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Defence Disposals

Historic England is working closely with the Defence Infrastructure Organisation to assess redundant defence sites and areas of substantial redevelopment. Our work ensures that significant historic structures and areas of archaeological interest are identified. We are also assessing  features of national importance for protection and offering initial advice on master planning and recording.

Copenacre, Wiltshire, an aerial photograph of the former Royal Navy stores depot and administrative centre, a basic record was created for this site.
Copenacre, Wiltshire, the former Royal Navy stores depot and administrative centre, a basic record was created for this site © Historic England 26905/022

Assesssing the estate

Prior to the sale of redundant defence sites, or substantial redevelopment projects, we are working closely with the Defence Infrastructure Organisation to identify significant historic structures and areas of archaeological interest. Features of potential national importance are being assessed for protection, initial advice offered on future master planning, and if appropriate recording.  


Much of the land occupied by the Ministry of Defence is a closed estate and the historic assets within are less well documented than in other areas of the country.  Some of the more challenging monuments to assess are the more recent structures where their historic context is not yet fully understood.

Former RAF Church Fenton, North Yorkshire, showing three hangars, the airfield was assessed prior to sale
Former RAF Church Fenton, North Yorkshire, the airfield was assessed prior to sale. © Historic England

The Ministry of Defence Estate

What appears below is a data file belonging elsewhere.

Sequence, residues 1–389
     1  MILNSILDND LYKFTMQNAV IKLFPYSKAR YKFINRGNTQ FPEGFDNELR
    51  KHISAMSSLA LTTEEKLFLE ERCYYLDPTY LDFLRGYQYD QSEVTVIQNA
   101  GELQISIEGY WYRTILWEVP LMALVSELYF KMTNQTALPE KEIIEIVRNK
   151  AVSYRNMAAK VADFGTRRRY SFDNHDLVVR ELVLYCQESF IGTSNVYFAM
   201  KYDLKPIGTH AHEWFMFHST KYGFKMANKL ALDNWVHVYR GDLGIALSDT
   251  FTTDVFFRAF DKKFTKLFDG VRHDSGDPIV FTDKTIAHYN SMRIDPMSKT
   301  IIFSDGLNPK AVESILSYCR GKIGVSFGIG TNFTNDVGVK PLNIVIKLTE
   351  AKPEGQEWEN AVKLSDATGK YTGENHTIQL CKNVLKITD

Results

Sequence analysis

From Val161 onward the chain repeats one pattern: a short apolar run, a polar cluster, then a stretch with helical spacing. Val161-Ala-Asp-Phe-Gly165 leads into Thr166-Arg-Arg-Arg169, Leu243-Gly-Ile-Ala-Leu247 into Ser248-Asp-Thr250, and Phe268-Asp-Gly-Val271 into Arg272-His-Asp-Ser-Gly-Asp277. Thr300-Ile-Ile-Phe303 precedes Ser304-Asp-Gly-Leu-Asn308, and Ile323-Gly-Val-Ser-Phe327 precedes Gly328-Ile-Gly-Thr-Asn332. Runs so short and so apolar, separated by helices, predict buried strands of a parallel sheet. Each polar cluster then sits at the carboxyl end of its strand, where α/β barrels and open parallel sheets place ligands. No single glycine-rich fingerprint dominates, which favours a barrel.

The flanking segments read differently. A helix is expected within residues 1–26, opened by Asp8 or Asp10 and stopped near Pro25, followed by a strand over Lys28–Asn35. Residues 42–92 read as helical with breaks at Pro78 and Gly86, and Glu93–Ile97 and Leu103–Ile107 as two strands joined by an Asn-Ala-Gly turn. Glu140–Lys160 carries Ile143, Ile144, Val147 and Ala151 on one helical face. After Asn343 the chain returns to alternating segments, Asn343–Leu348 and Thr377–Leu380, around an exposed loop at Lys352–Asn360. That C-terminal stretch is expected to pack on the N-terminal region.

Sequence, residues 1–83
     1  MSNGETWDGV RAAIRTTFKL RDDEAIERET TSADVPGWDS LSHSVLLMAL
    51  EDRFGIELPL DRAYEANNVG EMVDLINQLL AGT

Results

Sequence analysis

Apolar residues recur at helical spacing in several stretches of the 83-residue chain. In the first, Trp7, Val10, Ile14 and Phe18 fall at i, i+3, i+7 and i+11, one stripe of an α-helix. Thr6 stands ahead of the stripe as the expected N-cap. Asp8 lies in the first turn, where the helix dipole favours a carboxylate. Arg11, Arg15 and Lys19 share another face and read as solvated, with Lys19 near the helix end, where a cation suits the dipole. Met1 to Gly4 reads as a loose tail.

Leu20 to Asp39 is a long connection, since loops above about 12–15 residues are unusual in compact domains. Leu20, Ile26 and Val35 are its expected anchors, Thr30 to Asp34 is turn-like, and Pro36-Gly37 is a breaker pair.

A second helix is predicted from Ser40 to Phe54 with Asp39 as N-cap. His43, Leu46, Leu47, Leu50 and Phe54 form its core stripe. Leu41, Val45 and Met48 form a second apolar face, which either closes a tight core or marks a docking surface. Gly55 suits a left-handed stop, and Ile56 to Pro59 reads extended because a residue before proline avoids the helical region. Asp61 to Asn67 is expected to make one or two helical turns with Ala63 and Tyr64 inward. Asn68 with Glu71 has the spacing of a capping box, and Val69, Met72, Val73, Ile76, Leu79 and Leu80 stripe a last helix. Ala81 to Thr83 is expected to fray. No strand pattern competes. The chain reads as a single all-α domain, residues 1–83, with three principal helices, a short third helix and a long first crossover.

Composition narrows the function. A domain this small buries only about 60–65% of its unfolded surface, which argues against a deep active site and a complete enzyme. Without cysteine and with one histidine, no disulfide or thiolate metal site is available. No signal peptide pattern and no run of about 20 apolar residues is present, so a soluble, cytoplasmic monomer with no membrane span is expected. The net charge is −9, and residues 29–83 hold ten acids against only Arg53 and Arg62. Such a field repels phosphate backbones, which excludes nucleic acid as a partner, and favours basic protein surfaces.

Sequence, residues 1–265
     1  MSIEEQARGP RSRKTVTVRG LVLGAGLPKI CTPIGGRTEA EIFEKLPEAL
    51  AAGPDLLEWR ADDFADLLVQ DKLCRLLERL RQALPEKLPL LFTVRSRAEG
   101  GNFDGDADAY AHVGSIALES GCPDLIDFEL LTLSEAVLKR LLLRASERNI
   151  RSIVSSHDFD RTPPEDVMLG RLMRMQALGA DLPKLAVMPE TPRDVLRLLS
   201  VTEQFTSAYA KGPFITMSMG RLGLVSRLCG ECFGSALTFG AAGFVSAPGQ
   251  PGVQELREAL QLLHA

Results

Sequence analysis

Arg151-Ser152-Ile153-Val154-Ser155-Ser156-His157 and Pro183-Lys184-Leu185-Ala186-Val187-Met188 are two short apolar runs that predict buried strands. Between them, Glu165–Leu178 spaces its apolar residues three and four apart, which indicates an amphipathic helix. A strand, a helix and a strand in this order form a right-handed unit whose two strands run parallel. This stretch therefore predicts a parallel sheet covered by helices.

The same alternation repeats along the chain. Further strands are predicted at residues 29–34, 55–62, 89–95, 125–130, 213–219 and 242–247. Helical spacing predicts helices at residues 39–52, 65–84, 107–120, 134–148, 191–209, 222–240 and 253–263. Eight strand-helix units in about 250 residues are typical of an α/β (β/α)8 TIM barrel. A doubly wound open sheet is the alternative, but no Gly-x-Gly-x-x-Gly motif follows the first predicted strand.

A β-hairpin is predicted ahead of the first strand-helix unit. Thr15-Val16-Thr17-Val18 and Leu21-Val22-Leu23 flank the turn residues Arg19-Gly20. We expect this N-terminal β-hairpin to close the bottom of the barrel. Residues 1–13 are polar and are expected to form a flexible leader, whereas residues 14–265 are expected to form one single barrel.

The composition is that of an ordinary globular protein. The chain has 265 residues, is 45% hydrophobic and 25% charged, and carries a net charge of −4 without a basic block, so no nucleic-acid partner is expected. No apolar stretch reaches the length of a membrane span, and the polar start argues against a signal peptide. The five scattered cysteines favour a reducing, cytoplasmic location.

The Ministry of Defence is one of the largest land owners, and occupiers of land, in the country. During the 20th century, and especially during the two world wars, the government acquired large areas of land for training, airfields, camps and many specialised activities.

At the end of the Second World War the War Office controlled about 20% of the land mass of the United Kingdom. Today this figure is about 1%. Its estate comprises purpose-built facilities with very specific uses and buildings, such as country houses, that have been used as messes, administrative centres, and rehabilitation centres.  

Shornecliffe Camp, Folkestone, Kent,  Sir John Moore Memorial Library, built in Arts and Crafts style in 1915-16, Listed Grade II, it was designed by Ashton Webb , architect of Admiralty Arch, London.
Shornecliffe Camp, Folkestone, Kent, Sir John Moore Memorial Library, built 1915-16, Listed Grade II, it was designed by Ashton Webb, architect of Admiralty Arch, London © Historic England

A reoccurring theme of defence land use is the acquisition of land, construction of defences and facilities to meet a given threat and, as strategic needs, technology and threats evolve, to adapt or dispose of legacy assets.  

This is a picture that we can recognise at the end of the world wars and more recently through the post-Cold War sales of the 1990s. It’s a process that continues today as the armed forces are reconfigured to meet the needs of the 21st century expeditionary warfare and to use the estate more efficiently.  

The return of all United Kingdom armed forces from Germany by 2020 is putting other pressures on the estate to both provide returning personnel with accommodation and training areas.

Information on these previously unfamiliar sites is available on our PastScape web pages. You may also read about our pilot study in Wiltshire.

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